|Courtesy of www.ReneMagritte.org|
In regard to this theme Magritte said that he was trying to put himself in the place of prehistoric man when he first discovered that fire resulted from striking two stones together. He shows fire leaping up out of a piece of paper, a key, and an egg; and, as in other paintings, the large, upward sloping surface with grained wood plays an important part. An earlier painting of the same theme (formerly in the Mesens collection), in which the fire leaps up out of paper, a chair, and a tuba, was painted in 1933.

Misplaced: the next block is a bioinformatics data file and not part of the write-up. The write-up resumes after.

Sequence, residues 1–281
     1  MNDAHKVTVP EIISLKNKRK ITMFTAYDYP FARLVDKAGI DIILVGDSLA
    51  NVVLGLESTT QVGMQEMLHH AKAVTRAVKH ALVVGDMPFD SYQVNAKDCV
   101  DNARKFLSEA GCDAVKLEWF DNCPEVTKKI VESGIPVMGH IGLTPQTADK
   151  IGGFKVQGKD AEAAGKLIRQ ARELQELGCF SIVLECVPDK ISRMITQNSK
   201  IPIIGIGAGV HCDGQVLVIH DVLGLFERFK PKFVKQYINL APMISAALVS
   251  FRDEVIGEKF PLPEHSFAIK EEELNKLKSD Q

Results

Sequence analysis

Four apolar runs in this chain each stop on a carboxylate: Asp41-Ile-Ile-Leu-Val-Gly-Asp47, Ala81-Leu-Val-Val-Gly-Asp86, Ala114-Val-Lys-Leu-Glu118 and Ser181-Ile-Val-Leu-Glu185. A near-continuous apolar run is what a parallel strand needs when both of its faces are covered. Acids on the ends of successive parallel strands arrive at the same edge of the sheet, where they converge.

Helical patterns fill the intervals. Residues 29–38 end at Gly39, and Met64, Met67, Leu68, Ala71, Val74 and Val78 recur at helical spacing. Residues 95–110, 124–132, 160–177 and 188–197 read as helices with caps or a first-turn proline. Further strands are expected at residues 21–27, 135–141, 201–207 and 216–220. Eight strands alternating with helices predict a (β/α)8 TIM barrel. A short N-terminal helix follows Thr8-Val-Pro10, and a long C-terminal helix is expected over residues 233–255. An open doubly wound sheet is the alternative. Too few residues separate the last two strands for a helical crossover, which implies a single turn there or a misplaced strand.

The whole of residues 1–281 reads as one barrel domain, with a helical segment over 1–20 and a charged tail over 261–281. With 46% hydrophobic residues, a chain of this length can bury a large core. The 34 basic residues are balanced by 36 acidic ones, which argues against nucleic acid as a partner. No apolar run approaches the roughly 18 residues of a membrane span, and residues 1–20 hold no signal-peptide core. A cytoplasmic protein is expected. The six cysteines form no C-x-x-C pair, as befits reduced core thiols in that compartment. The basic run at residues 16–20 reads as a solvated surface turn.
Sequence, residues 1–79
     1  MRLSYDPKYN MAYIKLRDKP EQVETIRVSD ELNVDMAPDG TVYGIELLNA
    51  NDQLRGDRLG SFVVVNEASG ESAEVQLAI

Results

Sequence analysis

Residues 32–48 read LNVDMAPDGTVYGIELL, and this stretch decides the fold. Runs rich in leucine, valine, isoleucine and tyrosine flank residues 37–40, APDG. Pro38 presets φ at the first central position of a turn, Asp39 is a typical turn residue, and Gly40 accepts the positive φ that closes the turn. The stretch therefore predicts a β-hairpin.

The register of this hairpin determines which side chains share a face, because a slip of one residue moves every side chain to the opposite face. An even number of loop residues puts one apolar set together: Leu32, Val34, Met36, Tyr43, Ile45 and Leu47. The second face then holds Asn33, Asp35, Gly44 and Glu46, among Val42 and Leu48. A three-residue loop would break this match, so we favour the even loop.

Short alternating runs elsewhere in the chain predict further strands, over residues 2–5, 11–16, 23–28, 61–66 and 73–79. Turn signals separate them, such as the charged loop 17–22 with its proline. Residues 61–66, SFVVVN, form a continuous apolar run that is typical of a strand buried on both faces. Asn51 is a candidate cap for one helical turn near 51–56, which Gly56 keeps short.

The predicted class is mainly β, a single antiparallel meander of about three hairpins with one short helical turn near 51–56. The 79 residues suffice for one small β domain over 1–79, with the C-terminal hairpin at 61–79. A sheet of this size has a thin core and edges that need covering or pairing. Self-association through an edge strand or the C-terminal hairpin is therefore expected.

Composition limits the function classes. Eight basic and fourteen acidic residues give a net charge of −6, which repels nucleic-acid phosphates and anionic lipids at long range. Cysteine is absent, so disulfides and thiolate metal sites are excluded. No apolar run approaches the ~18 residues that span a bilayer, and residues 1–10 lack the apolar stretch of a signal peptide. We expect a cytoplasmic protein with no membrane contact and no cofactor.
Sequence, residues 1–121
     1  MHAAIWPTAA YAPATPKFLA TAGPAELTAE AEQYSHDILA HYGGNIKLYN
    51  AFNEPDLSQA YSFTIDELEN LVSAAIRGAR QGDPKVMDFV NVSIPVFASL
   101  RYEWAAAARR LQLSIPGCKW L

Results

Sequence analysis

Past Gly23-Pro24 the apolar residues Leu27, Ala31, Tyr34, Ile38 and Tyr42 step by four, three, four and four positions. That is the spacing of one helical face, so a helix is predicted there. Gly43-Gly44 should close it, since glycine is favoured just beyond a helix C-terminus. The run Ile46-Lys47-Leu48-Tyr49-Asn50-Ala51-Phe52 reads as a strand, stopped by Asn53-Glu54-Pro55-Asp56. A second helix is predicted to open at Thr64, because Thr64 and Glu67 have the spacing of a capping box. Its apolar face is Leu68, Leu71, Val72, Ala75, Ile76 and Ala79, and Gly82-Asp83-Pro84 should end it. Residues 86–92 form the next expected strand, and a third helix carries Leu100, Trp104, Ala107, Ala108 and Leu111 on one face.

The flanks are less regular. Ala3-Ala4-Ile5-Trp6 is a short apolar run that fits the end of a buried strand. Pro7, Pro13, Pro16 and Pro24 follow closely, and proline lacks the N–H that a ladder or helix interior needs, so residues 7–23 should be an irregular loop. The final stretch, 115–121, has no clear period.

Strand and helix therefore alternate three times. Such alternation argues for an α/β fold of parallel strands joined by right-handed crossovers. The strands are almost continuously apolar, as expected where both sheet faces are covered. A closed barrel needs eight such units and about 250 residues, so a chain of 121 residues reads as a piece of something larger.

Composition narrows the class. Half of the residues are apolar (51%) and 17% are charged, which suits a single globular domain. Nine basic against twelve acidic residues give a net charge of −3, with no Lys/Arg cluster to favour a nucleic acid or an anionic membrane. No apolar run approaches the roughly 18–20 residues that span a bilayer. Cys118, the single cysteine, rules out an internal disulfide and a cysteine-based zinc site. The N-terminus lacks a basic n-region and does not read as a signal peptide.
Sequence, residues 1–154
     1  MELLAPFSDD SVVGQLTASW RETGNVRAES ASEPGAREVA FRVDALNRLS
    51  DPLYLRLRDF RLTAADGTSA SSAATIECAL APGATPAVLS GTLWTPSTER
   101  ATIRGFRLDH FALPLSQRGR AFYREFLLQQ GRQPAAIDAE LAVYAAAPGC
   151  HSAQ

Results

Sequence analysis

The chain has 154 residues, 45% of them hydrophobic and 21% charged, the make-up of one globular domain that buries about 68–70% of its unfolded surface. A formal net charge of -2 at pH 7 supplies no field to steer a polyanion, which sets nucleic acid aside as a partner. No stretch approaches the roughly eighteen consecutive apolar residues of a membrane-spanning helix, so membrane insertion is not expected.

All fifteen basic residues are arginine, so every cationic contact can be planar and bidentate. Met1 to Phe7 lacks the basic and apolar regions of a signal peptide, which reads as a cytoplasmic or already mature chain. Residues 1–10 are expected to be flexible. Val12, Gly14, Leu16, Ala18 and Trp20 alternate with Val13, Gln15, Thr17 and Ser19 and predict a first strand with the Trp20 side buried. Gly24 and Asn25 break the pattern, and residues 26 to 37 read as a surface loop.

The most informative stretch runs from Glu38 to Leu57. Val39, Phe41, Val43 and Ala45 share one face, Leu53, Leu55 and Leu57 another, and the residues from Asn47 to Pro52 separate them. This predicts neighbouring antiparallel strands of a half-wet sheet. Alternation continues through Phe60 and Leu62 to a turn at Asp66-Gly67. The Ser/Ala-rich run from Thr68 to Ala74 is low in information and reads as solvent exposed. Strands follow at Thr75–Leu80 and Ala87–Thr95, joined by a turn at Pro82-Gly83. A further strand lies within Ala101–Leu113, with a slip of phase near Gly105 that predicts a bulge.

Magritte reminds us here of fire as an absolute phenomenon, which can originate from stones without devouring them. The egg, the key, the paper, the wood, the tuba, the sofa, used in relation to the flames of fire, seem for a moment as absurd as the stones which also give birth to fire. Magritte was fond of thinking in categories: light, air, fire, earth, rain, sun, window, sea, tree.